London, Sept 29, IRNA-A leading British daily called Thursday for "creative diplomacy" to break the impasse over Iran's nuclear program. "It was comforting to hear from (Foreign Secretary) Jack Straw yesterday that military action against Iran is not "on the agenda" of Britain or the US, and that war is "inconceivable," the Guardian said.
But it also believed that Straw's reassurance was "still not as unequivocal as some would have wanted, and did not address the "all options are on the table" position President George Bush uses." "Nuances matter because the crisis over Iran's nuclear ambitions is potentially extremely serious - and is escalating," the paper warned in its editorial.
The issue at stake is Iran's insistence that as a signatory to the nuclear non-proliferation treaty (NPT) it is legally entitled to civilian nuclear technology as opposed to `circumstantial evidence' alleging the technology may be used for a military capability.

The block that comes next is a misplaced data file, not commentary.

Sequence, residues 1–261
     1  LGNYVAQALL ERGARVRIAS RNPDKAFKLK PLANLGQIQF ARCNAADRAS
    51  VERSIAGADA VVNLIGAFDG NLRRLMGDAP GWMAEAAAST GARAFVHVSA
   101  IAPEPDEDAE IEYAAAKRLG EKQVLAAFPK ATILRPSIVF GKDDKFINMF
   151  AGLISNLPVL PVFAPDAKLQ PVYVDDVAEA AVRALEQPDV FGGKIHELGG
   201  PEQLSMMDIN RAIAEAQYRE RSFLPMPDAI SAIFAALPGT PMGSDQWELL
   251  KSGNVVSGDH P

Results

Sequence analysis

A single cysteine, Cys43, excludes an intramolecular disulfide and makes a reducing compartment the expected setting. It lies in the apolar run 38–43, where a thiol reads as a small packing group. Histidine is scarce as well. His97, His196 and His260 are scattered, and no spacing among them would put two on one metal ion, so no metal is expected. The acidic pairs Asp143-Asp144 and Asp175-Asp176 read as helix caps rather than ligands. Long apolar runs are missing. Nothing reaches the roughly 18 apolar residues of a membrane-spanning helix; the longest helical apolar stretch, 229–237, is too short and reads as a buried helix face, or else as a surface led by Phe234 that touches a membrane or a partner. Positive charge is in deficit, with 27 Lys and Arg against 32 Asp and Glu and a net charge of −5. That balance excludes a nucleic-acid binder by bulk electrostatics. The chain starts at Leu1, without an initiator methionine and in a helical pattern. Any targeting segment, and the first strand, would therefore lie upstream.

The Guardian said that "European diplomacy was galvanized" by the need to avoid the sort of divisions that fatally paralyzed the EU over Iraq, but that it hit a wall over Tehran's refusal to refrain from uranium reprocessing.
It believed it was "hardly surprising" Iran was angered by the recent majority IAEA vote that claimed the country was in 'non- compliance." It was "ironically, one of those (who voted) was India, which (like Pakistan and Israel) is not a signatory to the NPT but has its own (US-tolerated) nuclear weapons," the daily said.
It argued that the debate about Iran "cannot be divorced from the appalling situation in Iraq," where the case for military action "rested on the search for WMD which turned out to be non-existent." "It is understandable that there is skepticism about claims that they are again at the heart of a crisis where the pace is being set by the US," the Guardian said.
It welcomed Straw saying that the door remains open for diplomacy, but warned that the "diplomacy needs to be more creative in finding ways out of the Iranian impasse ahead."
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